Alexander Cauguiran, the state-owned company’s president, said “Clark airport is able and ready to accommodate at least 30 aircraft should there be flight diversions, especially at the onset of the rainy season, as we have ample facilities and aircraft-parking slots, hotel accommodations, transportation services, and emergency and technical services.”
CIAC prexy: Clark able to handle over 12 jets
By Lorenz S. Marasigan - June 7, 2017
CLARK International Airport can handle more than two dozen jets should diversions happen during the rainy season, the chief executive of Clark International Airport Corp. (CIAC) said on Tuesday.
Alexander Cauguiran, the state-owned company’s president, said Clark has implemented stringent safety and security measures to accommodate flight diversions from the Ninoy Aquino International Airport (Naia).
“Clark airport is able and ready to accommodate at least 30 aircraft should there be flight diversions, especially at the onset of the rainy season, as we have ample facilities and aircraft-parking slots, hotel accommodations, transportation services, and emergency and technical services,” he said.
Last week 11 flights were diverted to Clark after the runway at the Naia was temporarily shut down for several hours to give way to emergency repairs of a large pothole at runway 06-24.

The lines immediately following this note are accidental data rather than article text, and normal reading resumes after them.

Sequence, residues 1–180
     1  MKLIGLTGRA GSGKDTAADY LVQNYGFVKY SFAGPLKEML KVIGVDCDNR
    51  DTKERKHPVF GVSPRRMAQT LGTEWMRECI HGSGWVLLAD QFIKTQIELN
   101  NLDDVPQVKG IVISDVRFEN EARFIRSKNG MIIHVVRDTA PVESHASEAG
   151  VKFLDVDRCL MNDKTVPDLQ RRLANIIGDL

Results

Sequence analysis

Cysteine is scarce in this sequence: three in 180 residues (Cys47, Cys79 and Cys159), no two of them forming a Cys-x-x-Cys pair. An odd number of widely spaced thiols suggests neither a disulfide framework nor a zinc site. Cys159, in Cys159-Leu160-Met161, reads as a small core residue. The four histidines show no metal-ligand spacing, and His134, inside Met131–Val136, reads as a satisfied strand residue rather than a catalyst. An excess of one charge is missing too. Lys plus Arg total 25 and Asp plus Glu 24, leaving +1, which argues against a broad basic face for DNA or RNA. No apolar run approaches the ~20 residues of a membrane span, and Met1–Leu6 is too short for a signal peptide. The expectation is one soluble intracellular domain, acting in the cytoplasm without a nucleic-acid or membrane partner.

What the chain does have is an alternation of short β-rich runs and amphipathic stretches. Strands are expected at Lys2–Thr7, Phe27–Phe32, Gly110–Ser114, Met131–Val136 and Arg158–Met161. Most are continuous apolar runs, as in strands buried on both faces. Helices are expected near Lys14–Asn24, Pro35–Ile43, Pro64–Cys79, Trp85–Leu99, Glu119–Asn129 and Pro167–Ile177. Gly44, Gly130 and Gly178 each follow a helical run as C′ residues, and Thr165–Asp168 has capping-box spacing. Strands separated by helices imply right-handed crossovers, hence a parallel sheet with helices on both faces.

Cauguiran said the airport’s engineering and security personnel are directed to work overtime in preparation for the Asean Summit in November, with some related meetings held in Clark.
Security measures are also being undertaken to discourage the proliferation of informal settlers at the Clark Civil Aviation Complex (CCAC) who raise farm-produced crops.
Cauguiran said the present board members approved the replacement of Cerberus Security in November last year, the past management’s security force at the CCAC, due to “lapse in security”, referring to the unregulated access of unauthorized persons to the CCAC area.
“Under this administration, we have established tougher security measures to control informal settlers and heighten security efforts,” he said.
The informal settlers, most of them farmers, have been occupying the Clark area even before the Clark Freeport Zone was built.
Apart from the ongoing census and other social- preparation activities to compensate the settlers, Cauguiran said he has directed the airport’s security personnel to prohibit settlers from bringing in agriculture inputs, such as rice and corn seeds, which lure in birds, equipment and other farm implements to prevent any incidence of bird strikes.
“Clark’s safety measures are pursuant to international and national safety regulations. The more flights we have at Clark, the higher the probability of bird strikes happening, that is why we have to control informal settlers and farming activities in the surrounding areas,” he said.
Clark serviced 950,732 passengers in 2016. This year, the airport is projected to handle about 1.5 million passengers by end of 2017.http://www.businessm...le-over-12-jets/